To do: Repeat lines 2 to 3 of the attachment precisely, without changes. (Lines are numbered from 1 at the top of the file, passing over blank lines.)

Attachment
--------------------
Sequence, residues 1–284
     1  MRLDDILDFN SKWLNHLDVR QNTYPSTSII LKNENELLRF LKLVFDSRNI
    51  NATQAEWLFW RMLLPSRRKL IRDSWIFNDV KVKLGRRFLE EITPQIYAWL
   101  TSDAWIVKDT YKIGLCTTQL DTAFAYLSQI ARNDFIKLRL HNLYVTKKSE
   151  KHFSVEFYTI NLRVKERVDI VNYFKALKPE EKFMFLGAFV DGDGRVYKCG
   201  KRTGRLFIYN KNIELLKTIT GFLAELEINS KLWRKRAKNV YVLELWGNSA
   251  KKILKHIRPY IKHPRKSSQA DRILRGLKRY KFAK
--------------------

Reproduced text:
     1  MRLDDILDFN SKWLNHLDVR QNTYPSTSII LKNENELLRF LKLVFDSRNI
    51  NATQAEWLFW RMLLPSRRKL IRDSWIFNDV KVKLGRRFLE EITPQIYAWL